Making the jump from care to college

Moving from care to living independently can be particularly challenging. You might be used to living with a lot of other people around your age group, moving around regularly or having frequent contact with social services.

Moving out on your own could understandably seem overwhelming, especially if, like Jojo in our video, you’re only 16 when you get the keys to your own place. But don’t forget – it’s a great opportunity too.

To help you to prepare for the reality of your big move, we’ve spoken to Jojo about what he learned through making the jump from care to living independently at college.

Let’s recap on Jojo’s 8 top tips for moving out:

1. Be prepared to feel lonely

  • You’ll have a lot more time to yourself when you move out and, if you’re used to spending time around lots of people, this can be pretty tough. Taking up a hobby, starting a new project or joining a group are all great ways to combat loneliness.

2. Don’t let the past define your future

  • The past is done, and it’s never too early to start thinking about your future and your career. A good place to start is by identifying what it is you love to do and what your dream job would be. Then work backwards: what qualifications or experience do you need to get there?

3. Take your social worker with you on college enrolment day

  • They’ll be able to talk to your tutors and let them know about your circumstances - if you need extra support or a closer eye, for example.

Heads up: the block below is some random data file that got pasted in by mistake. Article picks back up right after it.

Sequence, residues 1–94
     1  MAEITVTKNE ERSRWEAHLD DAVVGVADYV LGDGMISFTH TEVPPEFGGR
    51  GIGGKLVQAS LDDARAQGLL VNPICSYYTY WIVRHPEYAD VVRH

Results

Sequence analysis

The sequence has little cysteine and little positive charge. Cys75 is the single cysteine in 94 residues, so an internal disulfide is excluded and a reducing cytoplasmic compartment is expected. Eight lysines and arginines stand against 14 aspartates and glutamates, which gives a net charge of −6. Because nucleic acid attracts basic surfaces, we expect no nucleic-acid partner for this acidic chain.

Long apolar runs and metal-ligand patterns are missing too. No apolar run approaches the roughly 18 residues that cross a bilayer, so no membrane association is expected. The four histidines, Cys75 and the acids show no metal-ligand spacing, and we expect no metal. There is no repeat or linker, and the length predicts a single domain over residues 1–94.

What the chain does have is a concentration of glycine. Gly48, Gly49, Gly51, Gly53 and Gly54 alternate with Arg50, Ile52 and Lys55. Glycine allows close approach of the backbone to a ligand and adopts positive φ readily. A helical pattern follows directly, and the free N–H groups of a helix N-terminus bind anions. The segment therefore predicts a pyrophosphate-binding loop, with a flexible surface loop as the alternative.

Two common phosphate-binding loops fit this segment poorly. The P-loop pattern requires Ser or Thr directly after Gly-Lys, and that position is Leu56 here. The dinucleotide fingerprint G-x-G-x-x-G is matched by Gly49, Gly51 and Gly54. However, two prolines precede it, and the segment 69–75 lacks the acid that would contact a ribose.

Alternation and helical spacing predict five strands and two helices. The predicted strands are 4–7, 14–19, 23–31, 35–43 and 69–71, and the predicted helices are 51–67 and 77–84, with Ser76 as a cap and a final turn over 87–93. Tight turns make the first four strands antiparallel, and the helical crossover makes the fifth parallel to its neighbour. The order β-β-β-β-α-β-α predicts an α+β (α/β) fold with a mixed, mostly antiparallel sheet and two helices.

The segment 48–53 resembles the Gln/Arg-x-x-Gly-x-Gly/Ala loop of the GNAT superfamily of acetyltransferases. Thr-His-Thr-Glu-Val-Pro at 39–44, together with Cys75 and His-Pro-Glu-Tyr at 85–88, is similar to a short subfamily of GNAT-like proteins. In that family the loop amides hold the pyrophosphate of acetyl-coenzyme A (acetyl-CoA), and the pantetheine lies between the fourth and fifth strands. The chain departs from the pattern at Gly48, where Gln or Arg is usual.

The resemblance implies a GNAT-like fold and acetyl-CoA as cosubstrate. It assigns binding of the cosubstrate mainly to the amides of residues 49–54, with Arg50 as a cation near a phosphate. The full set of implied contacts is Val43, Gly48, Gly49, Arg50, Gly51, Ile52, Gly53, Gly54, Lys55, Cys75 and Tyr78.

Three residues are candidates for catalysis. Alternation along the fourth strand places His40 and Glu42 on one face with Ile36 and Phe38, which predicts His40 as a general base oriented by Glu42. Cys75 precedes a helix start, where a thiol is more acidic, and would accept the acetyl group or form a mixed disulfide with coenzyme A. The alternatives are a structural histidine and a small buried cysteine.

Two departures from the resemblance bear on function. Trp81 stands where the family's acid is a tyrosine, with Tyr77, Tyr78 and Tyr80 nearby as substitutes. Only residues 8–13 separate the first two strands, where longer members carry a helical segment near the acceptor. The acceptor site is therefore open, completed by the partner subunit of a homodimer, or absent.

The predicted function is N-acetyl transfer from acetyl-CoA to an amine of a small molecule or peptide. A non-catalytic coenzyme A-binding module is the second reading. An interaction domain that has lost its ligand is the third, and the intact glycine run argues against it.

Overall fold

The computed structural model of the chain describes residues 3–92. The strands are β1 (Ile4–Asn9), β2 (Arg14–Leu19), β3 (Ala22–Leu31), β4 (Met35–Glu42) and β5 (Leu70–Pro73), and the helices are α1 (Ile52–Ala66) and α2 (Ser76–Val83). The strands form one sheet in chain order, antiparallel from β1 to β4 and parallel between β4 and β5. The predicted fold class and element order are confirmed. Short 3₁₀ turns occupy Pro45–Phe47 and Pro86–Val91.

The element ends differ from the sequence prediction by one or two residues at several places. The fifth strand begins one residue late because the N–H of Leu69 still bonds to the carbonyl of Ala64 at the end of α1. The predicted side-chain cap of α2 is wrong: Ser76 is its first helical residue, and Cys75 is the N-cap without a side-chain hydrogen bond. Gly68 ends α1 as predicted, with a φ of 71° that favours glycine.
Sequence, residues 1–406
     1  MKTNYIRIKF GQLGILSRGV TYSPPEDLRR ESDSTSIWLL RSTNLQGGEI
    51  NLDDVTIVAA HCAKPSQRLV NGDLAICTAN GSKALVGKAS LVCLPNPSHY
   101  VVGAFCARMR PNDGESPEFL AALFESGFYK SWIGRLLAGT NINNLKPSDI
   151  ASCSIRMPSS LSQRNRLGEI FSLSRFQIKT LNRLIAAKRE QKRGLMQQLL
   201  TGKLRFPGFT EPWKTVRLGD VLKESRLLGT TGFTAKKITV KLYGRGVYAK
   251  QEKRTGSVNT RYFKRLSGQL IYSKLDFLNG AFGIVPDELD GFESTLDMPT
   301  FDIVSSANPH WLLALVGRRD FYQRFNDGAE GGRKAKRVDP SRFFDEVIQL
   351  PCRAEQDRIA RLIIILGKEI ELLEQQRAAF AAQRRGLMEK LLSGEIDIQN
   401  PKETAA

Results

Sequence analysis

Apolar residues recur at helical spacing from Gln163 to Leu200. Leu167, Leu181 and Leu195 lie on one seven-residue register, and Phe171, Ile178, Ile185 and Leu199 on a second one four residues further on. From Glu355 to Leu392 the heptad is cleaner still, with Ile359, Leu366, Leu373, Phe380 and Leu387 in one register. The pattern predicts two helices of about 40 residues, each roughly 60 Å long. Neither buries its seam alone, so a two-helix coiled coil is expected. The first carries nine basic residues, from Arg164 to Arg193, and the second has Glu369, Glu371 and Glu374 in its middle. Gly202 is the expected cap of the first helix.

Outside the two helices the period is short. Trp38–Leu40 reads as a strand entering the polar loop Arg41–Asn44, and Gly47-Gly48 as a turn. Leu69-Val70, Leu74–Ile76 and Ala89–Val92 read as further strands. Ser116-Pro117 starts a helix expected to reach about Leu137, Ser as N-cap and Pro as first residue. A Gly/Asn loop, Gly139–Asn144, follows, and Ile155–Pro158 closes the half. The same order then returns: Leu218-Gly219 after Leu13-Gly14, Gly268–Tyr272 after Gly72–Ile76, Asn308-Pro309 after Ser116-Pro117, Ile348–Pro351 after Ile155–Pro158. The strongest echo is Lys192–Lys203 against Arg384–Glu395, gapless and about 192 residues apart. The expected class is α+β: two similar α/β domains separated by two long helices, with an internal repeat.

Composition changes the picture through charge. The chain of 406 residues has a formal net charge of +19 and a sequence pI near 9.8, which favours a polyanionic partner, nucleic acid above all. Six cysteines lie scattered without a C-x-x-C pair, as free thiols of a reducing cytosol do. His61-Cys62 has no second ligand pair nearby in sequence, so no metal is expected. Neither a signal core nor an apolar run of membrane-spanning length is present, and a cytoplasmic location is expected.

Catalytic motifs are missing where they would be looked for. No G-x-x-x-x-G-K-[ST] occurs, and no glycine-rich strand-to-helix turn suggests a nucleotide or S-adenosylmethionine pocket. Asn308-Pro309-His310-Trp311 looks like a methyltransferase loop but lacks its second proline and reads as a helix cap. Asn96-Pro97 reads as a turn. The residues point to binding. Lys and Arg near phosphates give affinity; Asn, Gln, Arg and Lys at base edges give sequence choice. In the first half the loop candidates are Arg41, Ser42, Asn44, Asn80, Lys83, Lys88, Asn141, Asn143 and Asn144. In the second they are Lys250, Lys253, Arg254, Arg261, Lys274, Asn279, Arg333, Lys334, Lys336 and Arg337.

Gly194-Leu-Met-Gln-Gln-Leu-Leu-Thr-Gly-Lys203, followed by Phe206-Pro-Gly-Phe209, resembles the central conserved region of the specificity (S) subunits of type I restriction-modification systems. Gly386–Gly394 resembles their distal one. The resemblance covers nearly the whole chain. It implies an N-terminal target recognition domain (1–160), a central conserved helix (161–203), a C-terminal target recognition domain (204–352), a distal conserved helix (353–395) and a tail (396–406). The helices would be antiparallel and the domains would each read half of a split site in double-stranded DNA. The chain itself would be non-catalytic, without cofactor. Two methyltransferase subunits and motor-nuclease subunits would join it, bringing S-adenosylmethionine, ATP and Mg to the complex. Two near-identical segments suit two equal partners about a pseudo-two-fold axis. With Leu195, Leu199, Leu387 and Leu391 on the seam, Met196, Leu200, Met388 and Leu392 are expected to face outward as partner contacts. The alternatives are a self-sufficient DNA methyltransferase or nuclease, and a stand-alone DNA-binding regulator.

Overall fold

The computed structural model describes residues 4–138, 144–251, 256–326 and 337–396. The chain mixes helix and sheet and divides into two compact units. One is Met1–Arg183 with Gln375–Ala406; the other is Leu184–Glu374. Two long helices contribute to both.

4. Speak to your college's learning support services

  • They’re there to help and may be able to offer you extra support. You won’t know if you don’t ask.

5. Check out your council’s support

  • Some councils offer grants to young people who have been in care and continue in education. Find out if you'll benefit and, if you do, spend your grant wisely.

6. Make friends

  • College and university life provides many opportunities to make new friends. Don’t pass them over. Living independently can be lonely sometimes, so you’ll want people to call up or invite around from time to time.

7. Research your financial options

  • There will be lots of new financial lingo to get your head around when you move out. You can find lots of information online - try visiting our Bitesize Support pages for great advice and support around money issues.

8. Save money

  • Saving is sensible – you know this, we don’t really need to tell you! Putting a little bit away every week or month will give you something to fall back on if you need it and will help you to feel that little bit more safe and secure.

As Jojo says,

The past doesn't define your future.

But being prepared for the reality of what life after care is like will stand you in good stead. So, take Jojo’s tips on board and remember - you’ve got this!

If you need support

You should always tell someone about the things you’re worried about. You can tell a friend, parent, guardian, teacher, or another trusted adult. If you're struggling with your mental health, going to your GP can be a good place to start to find help. Your GP can let you know what support is available to you, suggest different types of treatment and offer regular check-ups to see how you’re doing.

If you’re in need of in-the-moment support you can contact Childline, where you can speak to a counsellor. Their lines are open 24 hours a day, 7 days a week.

There are more links to helpful organisations on BBC Action Line.

What I’ve learnt from going it alone
Moving in with the parents: a survivor's guide
How to do the weekly shop on a budget